The new NHS Commissioning Board is likely to have “surprising” and “draconian” powers over commissioning consortia under Health Bill proposals, analysis suggests.

The board will decide whether a consortium should be authorised, whether it should be taken over, and will have the power to abolish it altogether. It will be able to direct consortia actions, and hire and fire their accountable officers.

The board will also be able to wrest funds from allocations to commissioners for the purpose of creating risk sharing arrangements and to bail overspending consortia out, implying that surplus generating consortia might not have their full underspends returned to them each year.

Meanwhile, in relation to the makeup of consortia themselves, the bill appears to continue the government’s light touch approach by setting out few governance requirements.

Consortia will be public bodies and will not have specifically defined independence like foundation trusts, but there is no requirement for consortia to have a board or patient representatives, for example.

The bill suggests GP consortia will be made up of practices that are close to each other by referring to consortia’s “area”, although there is nothing specifically preventing consortia from developing that are made up of geographically disparate practices – creating organisations that some say would start to bear resemblance to US style health maintenance organisations.

The bill also leaves open the major question of whether consortia will have responsibility for anyone living or working in their area but not registered with a GP practice.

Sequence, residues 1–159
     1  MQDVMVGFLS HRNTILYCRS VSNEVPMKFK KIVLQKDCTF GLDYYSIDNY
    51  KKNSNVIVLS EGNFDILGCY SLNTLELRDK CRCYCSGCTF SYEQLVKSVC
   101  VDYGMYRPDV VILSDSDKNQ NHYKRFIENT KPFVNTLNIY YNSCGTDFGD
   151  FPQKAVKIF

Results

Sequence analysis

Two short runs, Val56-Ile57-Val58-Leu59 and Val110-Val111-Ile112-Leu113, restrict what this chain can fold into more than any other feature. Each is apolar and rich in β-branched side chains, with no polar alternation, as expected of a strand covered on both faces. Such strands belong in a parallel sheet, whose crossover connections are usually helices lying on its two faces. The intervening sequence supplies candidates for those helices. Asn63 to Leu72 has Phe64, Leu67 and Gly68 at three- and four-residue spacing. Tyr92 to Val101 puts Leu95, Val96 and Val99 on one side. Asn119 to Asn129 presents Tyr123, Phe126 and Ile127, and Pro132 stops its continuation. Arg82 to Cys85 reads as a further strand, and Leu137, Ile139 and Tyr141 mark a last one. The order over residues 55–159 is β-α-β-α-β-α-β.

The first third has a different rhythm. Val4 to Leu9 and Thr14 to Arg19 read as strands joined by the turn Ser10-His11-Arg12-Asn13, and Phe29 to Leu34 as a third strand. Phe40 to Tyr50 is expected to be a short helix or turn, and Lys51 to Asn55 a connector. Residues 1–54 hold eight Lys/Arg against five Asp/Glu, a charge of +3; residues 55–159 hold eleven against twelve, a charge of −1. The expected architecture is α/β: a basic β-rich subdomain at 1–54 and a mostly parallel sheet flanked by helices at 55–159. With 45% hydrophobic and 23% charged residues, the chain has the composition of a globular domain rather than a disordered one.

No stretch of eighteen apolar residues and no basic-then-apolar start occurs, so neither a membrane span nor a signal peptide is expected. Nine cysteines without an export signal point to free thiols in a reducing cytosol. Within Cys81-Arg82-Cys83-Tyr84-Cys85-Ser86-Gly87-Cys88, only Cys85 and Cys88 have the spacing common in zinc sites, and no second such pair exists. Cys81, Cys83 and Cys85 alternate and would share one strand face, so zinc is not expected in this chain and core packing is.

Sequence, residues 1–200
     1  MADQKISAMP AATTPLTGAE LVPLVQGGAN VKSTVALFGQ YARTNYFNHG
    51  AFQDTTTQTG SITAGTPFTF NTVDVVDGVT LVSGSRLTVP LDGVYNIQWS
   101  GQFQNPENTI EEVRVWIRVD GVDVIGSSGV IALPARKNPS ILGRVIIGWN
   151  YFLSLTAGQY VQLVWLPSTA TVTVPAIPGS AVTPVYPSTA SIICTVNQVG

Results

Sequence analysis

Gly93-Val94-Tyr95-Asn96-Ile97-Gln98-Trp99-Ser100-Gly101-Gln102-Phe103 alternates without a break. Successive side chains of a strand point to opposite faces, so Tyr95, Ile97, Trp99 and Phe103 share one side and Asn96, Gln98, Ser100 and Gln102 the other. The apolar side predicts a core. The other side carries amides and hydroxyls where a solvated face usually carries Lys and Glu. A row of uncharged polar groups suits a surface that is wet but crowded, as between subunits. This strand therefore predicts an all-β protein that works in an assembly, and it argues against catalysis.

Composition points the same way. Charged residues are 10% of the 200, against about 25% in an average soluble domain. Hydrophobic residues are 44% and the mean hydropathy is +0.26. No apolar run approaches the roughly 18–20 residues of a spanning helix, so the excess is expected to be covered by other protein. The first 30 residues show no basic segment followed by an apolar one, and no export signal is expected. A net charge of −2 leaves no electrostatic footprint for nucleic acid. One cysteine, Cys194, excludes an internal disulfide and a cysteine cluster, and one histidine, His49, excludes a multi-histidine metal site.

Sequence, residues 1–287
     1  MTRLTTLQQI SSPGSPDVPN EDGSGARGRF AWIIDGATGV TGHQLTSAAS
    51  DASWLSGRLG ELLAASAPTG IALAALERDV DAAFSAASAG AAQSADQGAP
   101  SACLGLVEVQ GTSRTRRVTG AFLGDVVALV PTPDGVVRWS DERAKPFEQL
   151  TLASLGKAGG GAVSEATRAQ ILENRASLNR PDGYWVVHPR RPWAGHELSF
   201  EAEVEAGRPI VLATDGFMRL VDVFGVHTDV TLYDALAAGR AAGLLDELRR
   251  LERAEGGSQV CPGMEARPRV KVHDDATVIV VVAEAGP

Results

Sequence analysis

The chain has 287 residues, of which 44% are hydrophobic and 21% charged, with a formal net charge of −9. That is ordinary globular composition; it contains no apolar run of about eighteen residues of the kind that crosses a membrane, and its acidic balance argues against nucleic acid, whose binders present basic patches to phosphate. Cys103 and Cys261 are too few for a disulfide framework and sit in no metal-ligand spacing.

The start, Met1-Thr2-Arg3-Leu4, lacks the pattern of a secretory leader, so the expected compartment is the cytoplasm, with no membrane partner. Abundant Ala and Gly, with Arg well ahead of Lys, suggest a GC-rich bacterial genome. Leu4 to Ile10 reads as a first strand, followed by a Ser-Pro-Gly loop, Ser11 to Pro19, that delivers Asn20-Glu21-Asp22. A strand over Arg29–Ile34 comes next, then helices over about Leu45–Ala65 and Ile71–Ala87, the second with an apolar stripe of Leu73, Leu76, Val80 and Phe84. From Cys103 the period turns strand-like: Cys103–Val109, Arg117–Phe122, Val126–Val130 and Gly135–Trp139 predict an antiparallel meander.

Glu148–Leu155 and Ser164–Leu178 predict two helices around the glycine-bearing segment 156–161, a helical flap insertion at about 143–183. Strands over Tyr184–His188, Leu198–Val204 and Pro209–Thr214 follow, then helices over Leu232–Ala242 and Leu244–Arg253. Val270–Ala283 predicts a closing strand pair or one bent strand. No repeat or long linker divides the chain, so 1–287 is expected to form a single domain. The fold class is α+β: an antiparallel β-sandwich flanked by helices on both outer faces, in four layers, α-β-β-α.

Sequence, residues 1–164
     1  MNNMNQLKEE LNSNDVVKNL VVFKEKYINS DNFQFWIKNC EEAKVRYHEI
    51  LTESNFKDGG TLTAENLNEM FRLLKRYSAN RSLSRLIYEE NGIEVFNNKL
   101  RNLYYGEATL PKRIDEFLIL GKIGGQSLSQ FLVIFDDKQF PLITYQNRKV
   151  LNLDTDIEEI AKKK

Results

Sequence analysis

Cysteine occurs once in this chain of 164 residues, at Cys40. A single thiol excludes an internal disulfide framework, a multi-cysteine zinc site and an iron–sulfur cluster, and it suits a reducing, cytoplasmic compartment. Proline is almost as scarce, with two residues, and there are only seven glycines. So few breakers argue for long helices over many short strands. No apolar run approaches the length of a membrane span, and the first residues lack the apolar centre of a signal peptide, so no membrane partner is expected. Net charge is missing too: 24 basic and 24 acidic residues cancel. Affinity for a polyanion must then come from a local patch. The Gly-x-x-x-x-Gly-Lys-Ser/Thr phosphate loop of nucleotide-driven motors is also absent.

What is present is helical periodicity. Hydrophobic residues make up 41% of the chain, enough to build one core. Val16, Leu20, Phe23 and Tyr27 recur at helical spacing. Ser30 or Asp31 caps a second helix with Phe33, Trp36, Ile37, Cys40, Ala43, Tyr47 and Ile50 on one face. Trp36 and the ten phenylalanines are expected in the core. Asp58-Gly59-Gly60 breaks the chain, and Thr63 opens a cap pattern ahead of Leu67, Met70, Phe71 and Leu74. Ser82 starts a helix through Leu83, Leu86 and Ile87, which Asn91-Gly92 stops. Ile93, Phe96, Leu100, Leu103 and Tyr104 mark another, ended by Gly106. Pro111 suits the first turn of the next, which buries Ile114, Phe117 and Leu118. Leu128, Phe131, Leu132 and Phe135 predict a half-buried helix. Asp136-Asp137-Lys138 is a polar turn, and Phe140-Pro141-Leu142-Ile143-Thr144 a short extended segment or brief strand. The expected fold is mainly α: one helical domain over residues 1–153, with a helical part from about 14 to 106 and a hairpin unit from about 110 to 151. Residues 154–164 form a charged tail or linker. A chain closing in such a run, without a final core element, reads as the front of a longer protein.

Wide areas of commissioning policy are left to further regulations, which means that while health secretary Andrew Lansley has given extensive powers to the NHS board, he will also shape how that power can be used.

Emma Teale, solicitor at law firm Beachcroft, which teamed up with HSJ to provide rapid analysis of the bill on hsj.co.uk last week, said: “The bill leaves the detail to the health secretary to set out in secondary legislation as opposed to explicitly carving out the regime in primary legislation.”

That includes details on the authorisation regime for consortia, which Ms Teale said would therefore “not be expressly stipulated or as tightly controlled” as they would have been if set out in primary legislation.

The bill also adds detail to consortia relationships with council-led local health and wellbeing boards, and the makeup and power of those boards. They will develop needs assessments for their patch, and consortia must consult them when publishing their annual commissioning plans.

Health and wellbeing boards will be able to include a statement in consortia’s plans saying whether they think it accords with their needs assessment.